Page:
2 minute read

Kids’ Safety Online: A Quick Conversation Guide for Parents

Last Updated: August 9, 2021

Luke Gilkerson
Luke Gilkerson

Luke Gilkerson has a BA in Philosophy and Religious Studies and an MA in Religion. He is the author of Your Brain on Porn and The Talk: 7 Lessons to Introduce Your Child to Biblical Sexuality. Luke and his wife Trisha blog at IntoxicatedOnLife.com

In today’s digital world, there is a disconnect between parents and children about the use of technology. Time online is largely private time. For both adults and children alike, this leads to a variety of temptations.

  • Temptations of Content: You wouldn’t watch that sexual video on TV with others in the room, but the same video calls to you online.
  • Temptations of Communication: You would never utter that harsh word to someone’s face, but now online it is easier to type.
  • Temptations of the Clock: The hours you planned to get work done are suddenly wasted on Facebook, chatting, and watching YouTube clips.

Researchers call this pattern the “online disinhibition effect.” We lose our inhibitions online because we believe no one is watching us. We don’t see the connection between our online actions and their impact on others or ourselves. We get sucked in by the experience of a whole world at our fingertips, with no one but ourselves to tell us how to use it.


This is why Internet accountability is critical for adults and children alike. By getting rid of the potential for secrecy, we bring our Internet use into the light of honesty and transparency.

Why Kids Need to Buy Into Accountability

The purpose of this guide is to give you information for talking to your family about the importance of Internet accountability and filtering.

Ultimately, as parents, we hope “parental controls” are not just a tactic we use to keep our kids in line while they are under our roof. We want more for our kids. We want them to buy into the need for Internet protection. We want them to become their own watchdogs online. We want them to leave home as young adults prepared for a world without filters.

This means providing not just good technology, but good parenting. We need to teach our kids the value of accountability online.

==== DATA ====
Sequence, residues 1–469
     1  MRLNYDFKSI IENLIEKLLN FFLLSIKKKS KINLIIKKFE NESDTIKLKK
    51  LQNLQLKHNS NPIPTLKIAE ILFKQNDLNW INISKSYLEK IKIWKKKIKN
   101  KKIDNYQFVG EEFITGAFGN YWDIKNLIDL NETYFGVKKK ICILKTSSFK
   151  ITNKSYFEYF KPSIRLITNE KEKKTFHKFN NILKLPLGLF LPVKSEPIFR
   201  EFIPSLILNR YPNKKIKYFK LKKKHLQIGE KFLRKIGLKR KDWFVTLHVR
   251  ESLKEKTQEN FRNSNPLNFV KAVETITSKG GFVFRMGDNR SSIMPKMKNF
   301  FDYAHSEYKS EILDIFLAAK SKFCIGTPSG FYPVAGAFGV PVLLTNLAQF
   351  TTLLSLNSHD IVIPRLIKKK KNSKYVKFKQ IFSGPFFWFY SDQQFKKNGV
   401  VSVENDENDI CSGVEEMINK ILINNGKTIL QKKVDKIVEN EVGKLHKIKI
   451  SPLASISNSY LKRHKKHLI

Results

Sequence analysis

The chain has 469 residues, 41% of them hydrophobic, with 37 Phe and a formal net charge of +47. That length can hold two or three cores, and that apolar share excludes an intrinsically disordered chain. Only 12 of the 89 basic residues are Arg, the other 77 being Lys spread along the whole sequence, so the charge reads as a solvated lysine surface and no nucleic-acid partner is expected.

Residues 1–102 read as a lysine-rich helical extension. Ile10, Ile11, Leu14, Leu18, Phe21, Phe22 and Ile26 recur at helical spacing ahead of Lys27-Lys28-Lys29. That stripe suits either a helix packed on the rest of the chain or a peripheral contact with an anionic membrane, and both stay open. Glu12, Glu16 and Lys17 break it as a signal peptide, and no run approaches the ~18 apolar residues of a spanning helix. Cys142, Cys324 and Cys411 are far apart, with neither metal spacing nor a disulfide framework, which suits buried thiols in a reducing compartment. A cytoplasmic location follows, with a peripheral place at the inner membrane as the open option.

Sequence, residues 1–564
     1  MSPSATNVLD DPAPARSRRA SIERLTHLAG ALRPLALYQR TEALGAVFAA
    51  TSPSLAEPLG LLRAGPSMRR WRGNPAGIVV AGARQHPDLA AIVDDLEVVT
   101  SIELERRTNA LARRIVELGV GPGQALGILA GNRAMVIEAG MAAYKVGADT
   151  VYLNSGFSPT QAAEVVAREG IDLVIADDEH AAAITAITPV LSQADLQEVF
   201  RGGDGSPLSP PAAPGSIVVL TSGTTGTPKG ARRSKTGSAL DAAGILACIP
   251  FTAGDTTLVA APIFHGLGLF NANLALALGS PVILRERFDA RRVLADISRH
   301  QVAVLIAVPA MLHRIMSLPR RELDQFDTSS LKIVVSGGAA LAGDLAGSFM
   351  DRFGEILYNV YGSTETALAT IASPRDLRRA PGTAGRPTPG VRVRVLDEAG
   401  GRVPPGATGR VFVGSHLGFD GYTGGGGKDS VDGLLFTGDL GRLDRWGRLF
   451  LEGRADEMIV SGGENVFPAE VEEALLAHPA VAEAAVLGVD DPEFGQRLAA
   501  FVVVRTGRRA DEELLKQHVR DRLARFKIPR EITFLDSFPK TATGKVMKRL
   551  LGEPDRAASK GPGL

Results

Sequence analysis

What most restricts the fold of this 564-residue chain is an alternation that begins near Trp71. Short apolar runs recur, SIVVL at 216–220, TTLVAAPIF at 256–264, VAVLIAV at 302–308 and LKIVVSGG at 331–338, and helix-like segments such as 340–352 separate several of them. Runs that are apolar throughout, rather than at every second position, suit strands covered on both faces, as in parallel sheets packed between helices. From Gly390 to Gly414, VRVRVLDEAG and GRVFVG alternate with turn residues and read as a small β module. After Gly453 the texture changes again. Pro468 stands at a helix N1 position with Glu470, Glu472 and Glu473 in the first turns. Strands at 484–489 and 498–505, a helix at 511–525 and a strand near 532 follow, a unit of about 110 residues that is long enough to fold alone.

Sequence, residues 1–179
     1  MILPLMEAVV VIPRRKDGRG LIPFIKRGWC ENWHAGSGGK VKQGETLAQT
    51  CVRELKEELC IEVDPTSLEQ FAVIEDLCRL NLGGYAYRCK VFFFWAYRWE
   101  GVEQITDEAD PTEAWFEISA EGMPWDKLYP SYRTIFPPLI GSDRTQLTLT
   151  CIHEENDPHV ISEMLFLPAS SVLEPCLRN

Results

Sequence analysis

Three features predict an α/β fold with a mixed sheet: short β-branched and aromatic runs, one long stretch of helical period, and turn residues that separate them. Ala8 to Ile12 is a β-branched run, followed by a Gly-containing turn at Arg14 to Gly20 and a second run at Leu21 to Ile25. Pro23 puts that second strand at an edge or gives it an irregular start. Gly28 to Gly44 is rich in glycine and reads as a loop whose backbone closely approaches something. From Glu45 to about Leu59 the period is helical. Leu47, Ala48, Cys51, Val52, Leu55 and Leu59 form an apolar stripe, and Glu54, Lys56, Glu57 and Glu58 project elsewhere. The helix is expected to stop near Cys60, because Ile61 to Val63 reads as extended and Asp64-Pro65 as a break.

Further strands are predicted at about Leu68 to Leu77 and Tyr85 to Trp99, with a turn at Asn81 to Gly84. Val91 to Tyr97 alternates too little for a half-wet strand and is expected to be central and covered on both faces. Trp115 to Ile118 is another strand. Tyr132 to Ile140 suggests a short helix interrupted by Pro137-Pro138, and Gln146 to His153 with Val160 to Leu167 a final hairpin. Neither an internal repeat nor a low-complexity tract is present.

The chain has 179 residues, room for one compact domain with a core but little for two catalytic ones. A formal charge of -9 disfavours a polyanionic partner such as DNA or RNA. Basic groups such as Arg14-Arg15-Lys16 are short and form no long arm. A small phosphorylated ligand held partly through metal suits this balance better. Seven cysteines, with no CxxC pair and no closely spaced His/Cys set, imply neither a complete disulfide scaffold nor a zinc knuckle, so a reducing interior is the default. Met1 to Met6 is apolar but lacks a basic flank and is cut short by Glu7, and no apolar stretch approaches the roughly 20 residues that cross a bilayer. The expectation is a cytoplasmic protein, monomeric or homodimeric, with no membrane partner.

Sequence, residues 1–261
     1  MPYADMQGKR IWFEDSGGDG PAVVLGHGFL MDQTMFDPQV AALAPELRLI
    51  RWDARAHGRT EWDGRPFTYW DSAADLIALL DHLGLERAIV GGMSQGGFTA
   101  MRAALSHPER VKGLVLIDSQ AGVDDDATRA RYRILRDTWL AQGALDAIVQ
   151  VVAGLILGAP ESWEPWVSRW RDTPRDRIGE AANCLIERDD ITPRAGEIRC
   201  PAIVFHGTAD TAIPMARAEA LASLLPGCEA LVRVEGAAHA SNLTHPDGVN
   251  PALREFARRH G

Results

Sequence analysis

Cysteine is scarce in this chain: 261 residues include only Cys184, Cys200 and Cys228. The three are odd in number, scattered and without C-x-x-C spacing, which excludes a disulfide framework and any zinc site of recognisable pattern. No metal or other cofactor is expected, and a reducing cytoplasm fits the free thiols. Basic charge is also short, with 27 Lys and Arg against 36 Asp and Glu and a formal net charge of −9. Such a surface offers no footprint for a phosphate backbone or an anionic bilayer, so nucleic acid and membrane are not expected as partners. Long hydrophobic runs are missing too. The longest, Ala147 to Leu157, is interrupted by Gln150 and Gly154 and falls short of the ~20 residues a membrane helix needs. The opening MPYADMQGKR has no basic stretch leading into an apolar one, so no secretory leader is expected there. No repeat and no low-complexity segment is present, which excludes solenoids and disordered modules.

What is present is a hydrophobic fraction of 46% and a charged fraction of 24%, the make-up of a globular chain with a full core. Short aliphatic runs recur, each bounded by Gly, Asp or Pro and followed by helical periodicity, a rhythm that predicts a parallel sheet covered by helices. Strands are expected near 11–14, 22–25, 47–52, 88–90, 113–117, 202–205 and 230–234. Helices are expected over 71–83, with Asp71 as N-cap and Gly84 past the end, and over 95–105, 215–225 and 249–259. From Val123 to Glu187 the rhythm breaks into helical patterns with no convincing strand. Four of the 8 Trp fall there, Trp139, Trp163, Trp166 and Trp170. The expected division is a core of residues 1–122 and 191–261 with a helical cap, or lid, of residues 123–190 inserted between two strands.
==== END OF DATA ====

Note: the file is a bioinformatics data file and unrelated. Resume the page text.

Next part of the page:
Disconnect Between Parents and Kids

According to a recent survey of Internet users:

  • Teens spend an average of five hours a day online, but their parents think their kids only spend two.
  • 71% of teens have done something to hide their online behavior from their parents.
  • 41% of teens say they check their social network accounts, not just every day but “constantly.” Only 22% of parents said the same thing about their kids.
  • 45% of teens say they have visited a website they know their parents would disapprove of. Only 24% of parents are aware of this about their children.
  • 31% of teens say they have pirated music or movies online. Only 12% of parents are aware of this.
  • 53% of teens have cleared browser history to hide Internet activity (82% of parents are unaware teens do this).
  • 46% of teens have minimized a browser window to hide online activity (83% of parents are unaware teens do this).

What do we learn from surveys like this? We learn that parents are largely unaware when it comes to what their kids are doing online, even if they think they aren’t. We also learn that kids spend a lot of private time online that is completely unmonitored.

Introducing Kids to Accountability

Hundreds of thousands of adults use Covenant Eyes Internet Accountability to safeguard their own time online. These adults have made a decision that letting others know about where they go and what they see online is beneficial to their lives.

The same can be true for kids. They can be taught from a young age to value accountability in their own lives.